Finland’s new defence chief says country likely to reduce participation in international drills

Timo Kivinen (left), then Chief of Defence Command Finland, shows a sniper’s rifle to President of Poland Andrzej Duda (center) and President of Finland Sauli Niinisto as they meet Finnish conscripts in the Santahamina military base in Helsinki, Finland, on October 25, 2017. Kivinen began his stewardship as Finland’s Defence Forces Commander Wednesday. (Jussi Nukari/AFP/Getty Images)
New Defence Forces Commander Timo Kivinen began his stewardship of Finland’s defence forces on Thursday after being formally appointed to the position by President Sauli Niinistö on Wednesday.

During his first press conference as defence chief on Thursday, the 59-year-old said that international defence cooperation should be cost-effective while serving the advancement of national defence capability.

Kivinen said that Finland would likely scale back participation in international exercises in the future.

“We have had more exercises in recent years. We have identified the exercises that best serve us, so the number of drills will not increase, but will likely go in the other direction,” Kivinen declared.

The former chief of defence command noted that there had been an increase in military activity near Finland, which began following Russia’s annexation of Crimea in 2014. He said that many Baltic States had reacted to the development by increasing their defence budgets.

“It’s important that Finland continues to have a strong defence capability and an understanding of the development of military technology,” Kivinen commented.

Praise for Finnish-Swedish partnership

According to Kivinen, Finland’s defence forces must be prepared to combat different hybrid threats that could also target non-military sectors, such as public administration.

“The use of artificial intelligence, automation and the development of sensor technology will accelerate the speed of military operations. Finland must stay abreast of those developments,” he urged.

Swedish defence forces commander Micael Bydén was present at an exchange review on Wednesday, in which outgoing defence chief Jarmo Lindberg passed the baton to Kivinen. The new chief of defence commended military cooperation with Sweden.

“Sweden is our closest partner in many respects. In 2014 none of us would have believed everything that we have accomplished over the past five years.”

Major acquisitions ahead
A Finnish Air Force F/A-18 Hornet fighter participates in the Arctic Challenge Exercise 2015 (ACE15) in Rovaniemi, Finland May 27, 2015. In 2021, Finland will have to decide which aircraft will replace its aging fleet of fighter jets. (Kaisa Siren/Lehtikuva/Reuters)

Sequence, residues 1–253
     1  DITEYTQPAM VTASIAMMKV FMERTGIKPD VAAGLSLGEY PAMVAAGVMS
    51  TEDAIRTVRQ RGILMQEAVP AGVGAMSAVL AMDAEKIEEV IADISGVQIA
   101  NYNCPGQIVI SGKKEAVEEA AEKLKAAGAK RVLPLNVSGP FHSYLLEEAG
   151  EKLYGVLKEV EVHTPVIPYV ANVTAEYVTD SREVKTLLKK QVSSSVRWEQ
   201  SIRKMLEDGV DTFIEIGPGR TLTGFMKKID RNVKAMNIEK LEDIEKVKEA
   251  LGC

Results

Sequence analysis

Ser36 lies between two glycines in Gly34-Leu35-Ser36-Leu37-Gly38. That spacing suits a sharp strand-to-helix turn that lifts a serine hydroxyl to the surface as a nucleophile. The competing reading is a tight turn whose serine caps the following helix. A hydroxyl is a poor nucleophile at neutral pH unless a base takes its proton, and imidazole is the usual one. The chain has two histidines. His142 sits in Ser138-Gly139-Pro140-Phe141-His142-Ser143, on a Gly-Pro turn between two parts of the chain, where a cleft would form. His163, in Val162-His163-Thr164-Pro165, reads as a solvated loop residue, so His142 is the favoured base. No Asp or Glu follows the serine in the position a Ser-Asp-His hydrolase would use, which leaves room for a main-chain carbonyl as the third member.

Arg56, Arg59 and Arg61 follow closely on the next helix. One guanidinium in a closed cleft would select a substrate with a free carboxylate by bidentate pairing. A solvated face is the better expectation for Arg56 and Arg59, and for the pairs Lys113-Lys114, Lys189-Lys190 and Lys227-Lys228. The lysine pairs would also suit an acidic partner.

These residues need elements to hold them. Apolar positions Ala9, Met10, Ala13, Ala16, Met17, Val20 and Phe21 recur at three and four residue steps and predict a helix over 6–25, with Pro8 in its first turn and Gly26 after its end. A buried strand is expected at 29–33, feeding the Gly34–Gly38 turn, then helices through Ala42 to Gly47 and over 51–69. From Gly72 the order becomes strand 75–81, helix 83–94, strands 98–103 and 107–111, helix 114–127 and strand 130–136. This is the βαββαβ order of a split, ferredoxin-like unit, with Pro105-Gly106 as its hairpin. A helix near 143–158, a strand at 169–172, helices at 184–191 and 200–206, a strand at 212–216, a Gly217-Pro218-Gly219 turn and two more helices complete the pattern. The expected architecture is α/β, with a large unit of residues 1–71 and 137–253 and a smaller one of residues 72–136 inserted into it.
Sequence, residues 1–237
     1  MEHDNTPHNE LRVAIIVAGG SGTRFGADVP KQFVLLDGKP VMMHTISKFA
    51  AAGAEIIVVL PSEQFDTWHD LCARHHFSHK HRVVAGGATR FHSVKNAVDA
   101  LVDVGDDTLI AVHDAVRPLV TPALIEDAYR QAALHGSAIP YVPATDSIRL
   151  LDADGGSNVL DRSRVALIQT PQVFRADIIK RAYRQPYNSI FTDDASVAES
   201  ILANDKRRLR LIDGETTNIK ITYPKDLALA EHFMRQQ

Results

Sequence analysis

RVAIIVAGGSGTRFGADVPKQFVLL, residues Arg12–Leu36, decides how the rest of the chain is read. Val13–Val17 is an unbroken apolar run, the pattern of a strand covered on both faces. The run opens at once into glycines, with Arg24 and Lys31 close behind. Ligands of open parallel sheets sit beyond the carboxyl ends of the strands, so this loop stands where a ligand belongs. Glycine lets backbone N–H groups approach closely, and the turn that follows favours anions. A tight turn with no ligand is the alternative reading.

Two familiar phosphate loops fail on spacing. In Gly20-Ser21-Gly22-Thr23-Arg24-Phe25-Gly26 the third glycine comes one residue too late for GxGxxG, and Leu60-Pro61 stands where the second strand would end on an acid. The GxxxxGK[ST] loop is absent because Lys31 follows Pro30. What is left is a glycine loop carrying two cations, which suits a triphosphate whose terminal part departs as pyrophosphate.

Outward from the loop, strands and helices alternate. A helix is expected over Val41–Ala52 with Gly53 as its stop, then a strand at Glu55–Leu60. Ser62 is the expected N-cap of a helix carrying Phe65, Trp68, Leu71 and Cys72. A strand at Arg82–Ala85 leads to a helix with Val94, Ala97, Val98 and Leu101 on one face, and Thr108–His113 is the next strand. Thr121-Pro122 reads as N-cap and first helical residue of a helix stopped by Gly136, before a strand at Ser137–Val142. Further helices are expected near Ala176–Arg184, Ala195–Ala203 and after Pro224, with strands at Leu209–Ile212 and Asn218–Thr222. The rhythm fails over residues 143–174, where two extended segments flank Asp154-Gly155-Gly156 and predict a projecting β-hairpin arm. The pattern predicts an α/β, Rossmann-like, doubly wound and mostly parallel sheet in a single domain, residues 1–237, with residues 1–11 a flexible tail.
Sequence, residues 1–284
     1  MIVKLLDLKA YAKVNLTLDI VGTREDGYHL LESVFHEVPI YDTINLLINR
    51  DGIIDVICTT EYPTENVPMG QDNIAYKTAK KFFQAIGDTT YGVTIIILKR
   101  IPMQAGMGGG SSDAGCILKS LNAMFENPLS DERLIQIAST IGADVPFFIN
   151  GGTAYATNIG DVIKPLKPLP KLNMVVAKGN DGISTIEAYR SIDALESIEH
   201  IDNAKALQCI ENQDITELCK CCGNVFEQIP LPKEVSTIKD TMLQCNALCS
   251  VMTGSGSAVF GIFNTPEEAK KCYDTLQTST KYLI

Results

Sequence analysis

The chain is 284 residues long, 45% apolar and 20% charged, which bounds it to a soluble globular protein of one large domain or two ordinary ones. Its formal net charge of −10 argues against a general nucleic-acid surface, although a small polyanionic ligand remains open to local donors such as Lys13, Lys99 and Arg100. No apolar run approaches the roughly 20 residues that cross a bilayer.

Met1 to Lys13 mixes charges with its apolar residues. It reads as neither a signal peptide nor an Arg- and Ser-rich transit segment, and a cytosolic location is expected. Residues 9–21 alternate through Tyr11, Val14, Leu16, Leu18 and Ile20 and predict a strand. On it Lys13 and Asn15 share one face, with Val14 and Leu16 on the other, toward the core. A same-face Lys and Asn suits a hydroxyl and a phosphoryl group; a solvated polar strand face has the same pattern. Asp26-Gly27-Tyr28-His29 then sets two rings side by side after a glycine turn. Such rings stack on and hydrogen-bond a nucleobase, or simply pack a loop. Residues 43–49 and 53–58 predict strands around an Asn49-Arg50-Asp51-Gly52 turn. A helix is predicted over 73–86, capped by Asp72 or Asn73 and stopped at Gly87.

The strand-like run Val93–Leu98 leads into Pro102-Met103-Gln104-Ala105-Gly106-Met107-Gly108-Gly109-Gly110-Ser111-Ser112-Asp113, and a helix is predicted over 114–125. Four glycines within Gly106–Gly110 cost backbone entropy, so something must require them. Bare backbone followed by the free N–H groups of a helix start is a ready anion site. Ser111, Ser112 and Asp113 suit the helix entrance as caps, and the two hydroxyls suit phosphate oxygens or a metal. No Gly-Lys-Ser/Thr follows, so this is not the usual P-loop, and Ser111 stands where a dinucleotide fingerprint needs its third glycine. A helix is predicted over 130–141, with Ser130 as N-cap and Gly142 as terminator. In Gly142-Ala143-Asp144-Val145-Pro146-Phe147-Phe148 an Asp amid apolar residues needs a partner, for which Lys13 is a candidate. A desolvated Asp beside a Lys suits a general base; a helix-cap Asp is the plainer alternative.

Kivinen will take the lead on major acquisitions of defence materiel, including an overhaul of the country’s ageing fleet of fighter jets. In 2021, Finland will have to decide which model to purchase to replace the current Hornet aicraft.

So far five models are vying for consideration in a deal whose value has been estimated at between seven and 10 billion euros.

Kivinen described the project as the biggest single decision of his term as commander; one that will influence the performance of the defence forces for years to come. He will also preside over the acquisition of new gear for the Navy.

Debate on military service reforms welcome

According to Kivinen, the defence forces are prepared to make changes to the current system of military service while paying attention to gender equality.

“Surveys indicate that the present support has solid national support. However compulsory military service has an established status in society so it’s good to discuss it,” he noted.

The defence top brass said that women performing military service had contributed a great deal to the defence forces. In July, a record of nearly 600 women took up voluntary military service.

Before his appointment as defence force commander, Kivinen served for two years as the head of Finland’s defence command. He spent much of his career in the army but also has international experience.

He has been assigned to peacekeeping missions in Bosnia and worked as a military attaché in Hungary, Ukraine and Austria. He has also studied in the USA and the UK. Kivinen and his spouse have four children. He is keen on physical fitness and names orienteering as his favourite pastime.

Related stories from around the North:

Canada: Between Militarization and Disarmament: Constructing Peace in the Arctic, Blog by Heather Exner-Pirot

Finland: Swedish soldiers take part in Finnish naval exercise, Radio Sweden

Iceland: Iceland & UK sign agreement to boost security, defence cooperation, Eye on the Arctic

Norway: NATO’s Arctic dilemma: Two visions of the Arctic collide as NATO and Russia flex muscles, Eye on the Arctic special report

Russia: Russian navy boosting armament on northwestern bases, satellite images show, The Independent Barents Observer

Sweden: Sweden wants to rebuild its “total defence” system, Radio Sweden

United States: U.S. ups rhetoric in Arctic, but not its game, Cryopolitics Blog

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